The roll condition or wheel lift of the vehicle can also be seen indirectly from the wheel longitudinal slip rate. If during a normal braking or driving torque the wheels at one side of the vehicle experience an increased magnitude of slip rate, then the wheels are losing longitudinal road torque. This implies that the wheels are either driven on a low mu surface or lifted up. Thus, the longitudinal slip rate sr may be used in a determination of torque based qualitative determination of the wheel lifting.
The slip rate is defined as the product of the corner velocity and the time derivative of the slip ratio for the ith wheel, i.e.,
Thus calculated slip rate is related to wheel acceleration
Considering corner velocity vc(i) is usually smooth, (22) can be simplified to
Hence slip rate is a characterization of the wheel acceleration but with computation advantage, i.e., smoothness. Notice that during transient wheel speed changes, (23) is very accurate due to the fact that the wheel acceleration magnitude is much larger than the magnitude of the time derivative of the corner velocity.
As will be further described below, the calculated wheel slip rate may also be used to compute the actual torques applied to each wheel.
The roll condition of the vehicle can also be characterized by the normal loading sustained at each wheel. Theoretically, the normal loading of a wheel decreasing to or near zero indicates that the wheel is no longer contacting the road surface. In this case a potential rollover is under the way. Large magnitude of this loading indicates that the wheel is grounded.
Normal loading is also used in a torque based wheel lift determination as described below. The normal loading as used herein is the dynamic normal loading which is experienced by any of the four wheels during vehicle dynamic maneuvers. Those normal loadings are measured along the normal directions of the contact patches, which are the areas where the wheels and the road surface meets. If the vehicle is driven on a level ground, then the normal loadings are located at the contact patches between the road and the wheels, and are perpendicular to the road surface.
The defined dynamic normal loading of each wheel consists of two portions: the portion due to the heave motion of the vehicle (denoted as Nheave) and the portion due to the other motions of the vehicle (denoted as Nnon-heave). That is, the total normal loading at each wheel (denoted as Ntotal) is the sum of Nheave and Nnon-heave.
The heave motion generated normal loading can be calculated as the following
The non-heave motion portion of the normal loadings are due to the other motion of the vehicle, including the roll and pitch angular motion of the vehicle body with respect to the road surface, the load transfers due to the longitudinal and lateral accelerations, which can be calculated as in the following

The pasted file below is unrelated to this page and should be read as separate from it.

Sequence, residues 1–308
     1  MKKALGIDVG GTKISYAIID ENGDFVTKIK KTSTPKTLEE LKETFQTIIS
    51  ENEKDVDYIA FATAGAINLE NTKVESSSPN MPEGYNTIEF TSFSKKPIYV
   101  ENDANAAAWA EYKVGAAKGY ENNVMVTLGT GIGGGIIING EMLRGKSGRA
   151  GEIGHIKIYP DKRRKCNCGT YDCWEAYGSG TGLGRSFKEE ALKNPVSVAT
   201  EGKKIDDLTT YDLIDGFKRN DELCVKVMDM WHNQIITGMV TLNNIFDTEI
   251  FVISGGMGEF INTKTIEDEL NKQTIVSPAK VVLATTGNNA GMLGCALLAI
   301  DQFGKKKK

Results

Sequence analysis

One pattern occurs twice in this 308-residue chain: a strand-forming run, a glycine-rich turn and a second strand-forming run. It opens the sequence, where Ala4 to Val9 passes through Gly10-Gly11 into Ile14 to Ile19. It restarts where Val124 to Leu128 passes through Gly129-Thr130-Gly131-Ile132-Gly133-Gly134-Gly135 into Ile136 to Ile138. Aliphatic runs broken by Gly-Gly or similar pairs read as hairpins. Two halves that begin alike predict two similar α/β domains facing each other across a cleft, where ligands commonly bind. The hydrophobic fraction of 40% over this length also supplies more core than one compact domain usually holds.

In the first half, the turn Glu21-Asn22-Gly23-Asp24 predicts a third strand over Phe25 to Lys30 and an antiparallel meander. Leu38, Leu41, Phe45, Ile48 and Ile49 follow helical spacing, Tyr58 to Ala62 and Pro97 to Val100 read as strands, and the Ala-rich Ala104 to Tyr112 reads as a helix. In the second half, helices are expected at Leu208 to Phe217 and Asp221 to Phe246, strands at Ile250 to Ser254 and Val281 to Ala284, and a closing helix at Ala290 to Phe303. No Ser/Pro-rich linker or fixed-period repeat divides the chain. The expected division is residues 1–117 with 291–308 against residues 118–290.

Consequently, the total normal loadings at the wheels can be expressed as the following
If in case the heave motion of the vehicle is negligible, i.e., the heave acceleration of the vehicle is small. Then the vertical acceleration sensor output should be close to the gravity, i.e.
In this case an approximation of the normal loadings can be written as the following
The calculated normal loadings provide an indication of wheel lift above. When the normal load is near zero, this provides an indication of wheel lift. The normal loads are thus compared to a normal load threshold. When the normal loads are lower (below the threshold) or near zero, the wheel has lifted. The normal loadings may also be used to compute the road torques described below.
The roll condition or wheel lift can also be identified by checking the actual road torques applied to the wheels and the road torques which are needed to sustain the wheels when the wheels are grounded. The actual road torques can be obtained through torque balancing for each wheel using wheel acceleration, driving torque and braking torque. If the wheel is contacting the road surface, the calculated actual road torques must match or be larger than the nonlinear torques calculated from the normal loading and the longitudinal slip at each wheel.
The actual road torques τroad applied to the wheel together with the driving torque τd, braking torque τd and the wheel rotation inertia Iw obey the following Newton's law
Using equations (23), (29) the road torques may be calculated in
If the wheel is grounded, i.e., contacting the road surface, then the grounded road torque Troad-grd(i) is related to the wheel slip ratio s(i), the wheel side slip angle α(i) and the wheel dynamic normal loading Ntotal(i) through a nonlinear functional relationship as in the following
A linearization for the nonlinear function φ(●,●) could be obtained as the following
If the wheel side slip angle is small, equation (30) could be approximated as the following